Re V (a minor); CA (Russell LJ, Wall J) 4 July 1995
If the reasons a judge gave for his decision in a child case constituted a sound basis for the exercise of his discretion and for dissenting from the court welfare officer's recommendation, his failure to state in terms why he was not following the latter's recommendation did not vitiate his exercise of discretion.
John Samuels QC, Gary Crawley (Thrings & Long, Bath) for the appellant; Patrick Eccles QC, June Rodgers (Rowberry Morris, Gloucester) for the respondent.
Nicholls v Wimbledon Valuation Office Listing Officer & anr; QBD (Buxton J) 12 July 1995
A floating home which had no means of propulsion, although a chattel and not of itself real property, was nonetheless a chargeable dwelling for council tax purposes, since those factors were not conclusive as to whether it constituted a hereditament under the Rating Act 1967. The argument put forward by the appellant, that his home was not permanently part of the land and therefore could not be a hereditament, was an issue of fact with which the court could not deal as it had not been argued before the tribunal below, and since there was no power to remit the appeal must be dismissed.
Steven Woolf (Keppe Shaw & Ptrs) for the appellant; David Holgate (Inland Revenue) for the respondent.
Breslin v West Yorkshire Police; QBD (Popplewell J) 12 July 1995
When deciding whether to grant a protection order for a public house, under s 10 of the Licensing Act 1964, to protect an existing justices' licence until transfer by the Licensing Justices, magistrates could take into account the character and ability of the applicant to operate and control those particular premises in accordance with the police document of the Liquor Licensing Committee and were not restricted to determining whether the applicant was a fit and proper person to hold a licence.
Gerald Lumley (Lister Croft Harrow Darnton, Wakefield) for the appellant; John Sleightholme (Solicitor, West Yorks Police, Wakefield) for the respondent.
TNT Express (UK) Ltd v Richmond upon Thames LBC; QBD (Div Ct) (McCowan LJ, Waller J) 14 June 1995
When considering whether a vehicle, which had exemption permits to use streets restricted by the Greater London (Restriction of Goods Vehicles) Traffic Order 1985 during prescribed hours subject to a condition that the vehicle had to take the shortest practicable route, had indeed taken the shortest practicable route, magistrates were not obliged to take into account commercial considerations with regard to time and cost but had to decide only whether the vehicle was physically capable of going down the shortest route.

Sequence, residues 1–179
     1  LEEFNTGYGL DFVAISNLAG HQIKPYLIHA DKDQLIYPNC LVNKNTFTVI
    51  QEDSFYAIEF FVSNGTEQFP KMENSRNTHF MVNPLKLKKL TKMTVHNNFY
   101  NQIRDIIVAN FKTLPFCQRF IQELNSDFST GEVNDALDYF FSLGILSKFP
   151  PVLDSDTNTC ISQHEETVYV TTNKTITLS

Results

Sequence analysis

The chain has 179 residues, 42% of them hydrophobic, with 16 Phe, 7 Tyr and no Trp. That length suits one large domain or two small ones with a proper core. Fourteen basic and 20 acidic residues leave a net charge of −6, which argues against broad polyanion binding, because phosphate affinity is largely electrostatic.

John Hardy (Jeremy Fear & Co) for the appellants; George Alliott (Borough Solicitor) for Richmond.
R v Hussain; CA (Cr Div) (Roch LJ, Curtis J, Judge Denison, Common Sergeant of London) 16 June 1995
A defendant's personal jewellery was "realisable property" for the purposes of s 5(1) of the Drug Trafficking Offences Act 1986. The Act was draconian and it was doubtful whether a court had a discretion to reduce the amount of a confiscation order by deciding in mercy to exclude personal items of property from consideration.
Barry Forward (Registrar of Criminal Appeals) for the appellant; Mark Gadsden (CPS) for the Crown.
R v Nottingham Crown Court, ex p DPP; QB Div Ct (Stuart-Smith LJ, Butterfield J) 13 July 1995
When sentencing a common assault contrary to s 39 of the Criminal Justice Act 1988, a court should consider any injury that had been sustained by the victim. It was a cardinal principle of sentencing that the court should take into account the consequences to victims, since the law had to redress their greivances by inflicting the appropriate punishment.
Jeremy Carter-Manning QC, Stephen Richards, Philippa McAtasney (CPS) for the DPP; Robert Jay (Treasury Solicitor) for the Crown Court.
Halifax Mortgage Services Ltd (formerly BNP Mortgages Ltd) v Stepsky & anr; ChD (Edward Nugee QC, sitting as a deputy High Court judge) 16 June 1995.
Where a solicitor acted for both a borrower and a lender in the same transaction, and obtained from the borrower knowledge of some fact which it was his duty to the borrower not to disclose to the lender without the borrower's consent, and which it was his duty to the lender to communicate to him, knowledge of that fact was not to be imputed to the lender.
Hugh Jackson (Glenisters) for the plaintiff; Amanda Harrington (JJ Goldstein & Co) for the second defendant.
R v Special Commissioner, ex p Inspector of Taxes; QBD (Hidden J) 29 June 1995
It was not permissible to adduce evidence of Scottish law at a hearing before the Special Commissioners of income tax sitting in London, but legal argument would be heard. To accept evidence of Scottish law as a question of fact would, if the decision went against the taxpayer, effectively preclude an appeal on a question of law. The question would be one of fact although in Scotland it would be a question of law.
Alan Moses QC, Alison Foster (Inland Reveneue); Charles Flint QC, Robert Grierson (Payne Hicks Beach) for the taxpayer.Reuse content